The Happy Starfish

Living Mindfully & Celebrating Health, Happiness & Peaceful Living


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Easy vegetable chilli

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I was salivating cooking dinner last night.

This vegetable chilli is so yummy my family ask me to make it all the time.

I can’t take credit for the recipe, it’s from the fabulous The Endless Meal but it’s so good I had to share.

Ingredients

  • 2 of the large 28oz cans of whole tomatoes and their juice (use your hands to roughly crush the tomatoes)
  • 2 can of beans, drained and rinsed (I used kidney and white beans)
  • 2 cup of frozen corns (you could use fresh but frozen is easy an works great)
  • 3 stalks of celery, diced
  • 2 peppers, diced (I used 1 red and 1 yellow pepper)
  • 2 carrots, diced
  • 1 large onion, diced
  • 4 cloves of garlic, finely minced
  • 2 tablespoons of cumin
  • 1 teaspoon oregano
  • 1-3 tablespoons chiili powder (more will be spicier)
  • ¼-2 teaspoons of chili flakes (the more chili flakes the spicier it will be)
  • 2 tablespoons oil
  • Salt to taste(you’ll need quite a lot)
  • Optional toppings: sour cream, cheddar cheese, cilantro, diced avocados or green onion.
Instructions
  1. Heat oil in a large pot over medium high heat. Add onion and sauté for about 3 minutes. Add garlic and sauté 1 minute more. Add spices and cook stirring for about 30 seconds.
  2. Add peppers, carrots and celery and cook for about 5 minutes, or until they just start to soften. Add tomatoes and their juice and bring to a simmer. Once the chili begins to simmer, reduce the heat to medium low. You want the chili to be at a low simmer with the lid off.
  3. Continue to cook the chili, stiring occasionally, for 20 minutes. Add beans and corn and let the chili return to a simmer. Cook for 5 more minutes or until the corn and beans have heated through.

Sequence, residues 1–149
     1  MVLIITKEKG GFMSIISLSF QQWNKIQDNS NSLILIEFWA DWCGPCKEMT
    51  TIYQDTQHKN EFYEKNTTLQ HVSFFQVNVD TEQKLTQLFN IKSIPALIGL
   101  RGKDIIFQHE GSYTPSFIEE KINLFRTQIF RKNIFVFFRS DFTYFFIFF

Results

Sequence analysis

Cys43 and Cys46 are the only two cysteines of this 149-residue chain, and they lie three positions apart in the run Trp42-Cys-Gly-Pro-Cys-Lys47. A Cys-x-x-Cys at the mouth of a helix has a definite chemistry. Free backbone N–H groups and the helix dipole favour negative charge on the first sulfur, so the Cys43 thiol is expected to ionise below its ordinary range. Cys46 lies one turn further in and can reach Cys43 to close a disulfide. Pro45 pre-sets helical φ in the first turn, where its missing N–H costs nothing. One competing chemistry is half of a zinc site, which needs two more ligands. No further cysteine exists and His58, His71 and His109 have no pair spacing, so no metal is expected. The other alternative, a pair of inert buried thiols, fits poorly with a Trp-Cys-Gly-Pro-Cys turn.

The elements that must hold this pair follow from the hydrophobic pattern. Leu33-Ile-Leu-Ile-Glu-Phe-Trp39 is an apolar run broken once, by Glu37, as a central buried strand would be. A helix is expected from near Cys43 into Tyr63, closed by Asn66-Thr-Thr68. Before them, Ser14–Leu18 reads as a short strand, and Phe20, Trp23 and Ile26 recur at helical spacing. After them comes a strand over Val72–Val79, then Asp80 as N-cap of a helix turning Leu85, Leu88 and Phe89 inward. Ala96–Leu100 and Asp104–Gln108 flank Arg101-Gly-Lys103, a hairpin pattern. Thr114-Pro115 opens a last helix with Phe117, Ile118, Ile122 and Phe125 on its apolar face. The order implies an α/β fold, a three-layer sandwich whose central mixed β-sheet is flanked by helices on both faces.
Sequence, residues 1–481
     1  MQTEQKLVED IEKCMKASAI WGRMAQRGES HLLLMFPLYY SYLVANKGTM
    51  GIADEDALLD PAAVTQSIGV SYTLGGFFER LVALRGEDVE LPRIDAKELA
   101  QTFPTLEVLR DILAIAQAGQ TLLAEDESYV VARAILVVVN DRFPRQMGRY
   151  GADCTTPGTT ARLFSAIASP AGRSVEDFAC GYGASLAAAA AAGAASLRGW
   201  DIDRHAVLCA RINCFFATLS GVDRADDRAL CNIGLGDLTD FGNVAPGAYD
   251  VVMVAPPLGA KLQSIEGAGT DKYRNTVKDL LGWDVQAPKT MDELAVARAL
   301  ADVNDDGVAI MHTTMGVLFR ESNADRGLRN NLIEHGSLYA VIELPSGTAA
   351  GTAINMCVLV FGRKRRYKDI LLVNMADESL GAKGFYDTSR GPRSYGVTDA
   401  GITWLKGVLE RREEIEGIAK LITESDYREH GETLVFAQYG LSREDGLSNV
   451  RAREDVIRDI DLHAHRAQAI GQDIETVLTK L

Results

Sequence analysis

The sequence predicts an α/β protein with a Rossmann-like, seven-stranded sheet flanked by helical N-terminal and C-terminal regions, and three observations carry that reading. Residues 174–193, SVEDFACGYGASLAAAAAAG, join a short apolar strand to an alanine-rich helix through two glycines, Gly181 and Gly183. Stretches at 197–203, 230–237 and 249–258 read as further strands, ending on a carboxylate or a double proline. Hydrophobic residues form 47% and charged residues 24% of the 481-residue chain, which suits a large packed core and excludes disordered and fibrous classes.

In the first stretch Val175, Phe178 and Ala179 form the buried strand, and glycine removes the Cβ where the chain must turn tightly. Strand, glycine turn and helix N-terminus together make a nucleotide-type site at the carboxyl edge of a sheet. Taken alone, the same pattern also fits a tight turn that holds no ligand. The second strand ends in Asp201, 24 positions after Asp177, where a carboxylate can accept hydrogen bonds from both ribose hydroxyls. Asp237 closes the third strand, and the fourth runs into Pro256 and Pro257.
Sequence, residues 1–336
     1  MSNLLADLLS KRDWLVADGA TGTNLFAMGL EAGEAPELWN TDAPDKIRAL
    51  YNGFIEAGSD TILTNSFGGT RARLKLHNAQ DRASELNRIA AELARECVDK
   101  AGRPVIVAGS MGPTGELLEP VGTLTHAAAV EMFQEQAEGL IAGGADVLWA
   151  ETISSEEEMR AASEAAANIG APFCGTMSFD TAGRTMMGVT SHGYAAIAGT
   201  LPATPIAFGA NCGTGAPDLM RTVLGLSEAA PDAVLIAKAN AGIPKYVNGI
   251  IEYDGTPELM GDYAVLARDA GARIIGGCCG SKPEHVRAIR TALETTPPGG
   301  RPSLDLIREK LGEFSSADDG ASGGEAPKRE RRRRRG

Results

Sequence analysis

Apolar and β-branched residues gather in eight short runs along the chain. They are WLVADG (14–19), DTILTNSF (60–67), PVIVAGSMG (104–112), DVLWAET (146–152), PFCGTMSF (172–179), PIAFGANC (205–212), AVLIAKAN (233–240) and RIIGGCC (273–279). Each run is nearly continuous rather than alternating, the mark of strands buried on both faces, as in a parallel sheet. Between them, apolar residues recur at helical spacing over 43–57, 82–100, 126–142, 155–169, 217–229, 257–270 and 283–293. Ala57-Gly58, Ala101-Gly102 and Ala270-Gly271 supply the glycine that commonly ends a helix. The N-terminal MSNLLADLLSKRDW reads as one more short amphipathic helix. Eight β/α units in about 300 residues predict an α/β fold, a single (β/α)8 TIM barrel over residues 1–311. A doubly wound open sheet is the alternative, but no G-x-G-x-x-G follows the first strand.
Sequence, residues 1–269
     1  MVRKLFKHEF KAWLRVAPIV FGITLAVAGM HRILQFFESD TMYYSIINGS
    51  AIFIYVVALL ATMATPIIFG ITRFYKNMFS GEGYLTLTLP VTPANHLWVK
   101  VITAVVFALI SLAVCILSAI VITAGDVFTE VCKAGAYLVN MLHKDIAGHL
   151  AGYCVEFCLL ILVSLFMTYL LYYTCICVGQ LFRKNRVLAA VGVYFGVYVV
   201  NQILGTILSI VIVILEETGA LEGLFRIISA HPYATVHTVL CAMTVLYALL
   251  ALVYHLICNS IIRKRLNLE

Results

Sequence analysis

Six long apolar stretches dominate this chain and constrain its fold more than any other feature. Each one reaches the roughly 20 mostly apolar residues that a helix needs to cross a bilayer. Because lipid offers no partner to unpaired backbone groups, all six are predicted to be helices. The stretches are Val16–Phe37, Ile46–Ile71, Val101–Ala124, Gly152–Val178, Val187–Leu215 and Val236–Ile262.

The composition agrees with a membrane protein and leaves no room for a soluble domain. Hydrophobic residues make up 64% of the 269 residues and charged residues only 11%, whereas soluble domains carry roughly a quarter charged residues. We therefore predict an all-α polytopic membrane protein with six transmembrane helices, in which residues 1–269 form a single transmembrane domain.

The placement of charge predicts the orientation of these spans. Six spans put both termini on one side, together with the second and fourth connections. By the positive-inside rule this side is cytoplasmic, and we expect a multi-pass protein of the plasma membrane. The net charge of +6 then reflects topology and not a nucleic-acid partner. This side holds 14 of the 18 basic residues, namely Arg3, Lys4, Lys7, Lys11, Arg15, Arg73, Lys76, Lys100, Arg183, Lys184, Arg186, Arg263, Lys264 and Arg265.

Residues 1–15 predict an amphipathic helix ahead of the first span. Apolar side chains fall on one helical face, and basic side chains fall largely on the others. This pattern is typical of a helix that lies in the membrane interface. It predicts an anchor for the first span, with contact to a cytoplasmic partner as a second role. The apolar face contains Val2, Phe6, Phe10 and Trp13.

4. Generously salt to taste.
  5. Serve on its own or topped with one (or all!) of the delicious toppings.
  6. Enjoy!
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Super sprouting

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“If you don’t look after your body; where are you going to live?”

I often talk to people who really want to improve their diet and overall health but genuinely can’t afford to spend more than they already are on their weekly grocery bill, which sometimes in this economic climate, is next to nothing.

Sprouting is something I often recommend. A sprout is the transitional stage between seed and plant. For very little expenditure and effort sprouted pluses, nuts and grains are nutritious, fresh, tasty and, I believe, one of the most underestimated foods available to us today.

With virtually zero effort, no preparation or cooking they are the ideal food for a busy lifestyle. Grown in your own home they are a clean safe food eaten raw, ensuring nothing is destroyed or altered in the cooking process.

Grains are the staple diet of much of the world’s population, generally ground, baked or boiled making it difficult to extract the nutrients as these processes damage the food.

Our digestive systems are not equipped to digest raw grains and pulses, of which many contain enzyme inhibitors that interfere with our digestion. Enzyme inhibitors are there to prevent seeds sprouting prematurely and can cause us headaches, stomach pains and gas, but are destroyed during the cooking process.

To sprout a seed and then consume it is a totally natural form of eating, great for your overall health. Try it and watch your energy levels shoot up and your hair, skin and nails improve.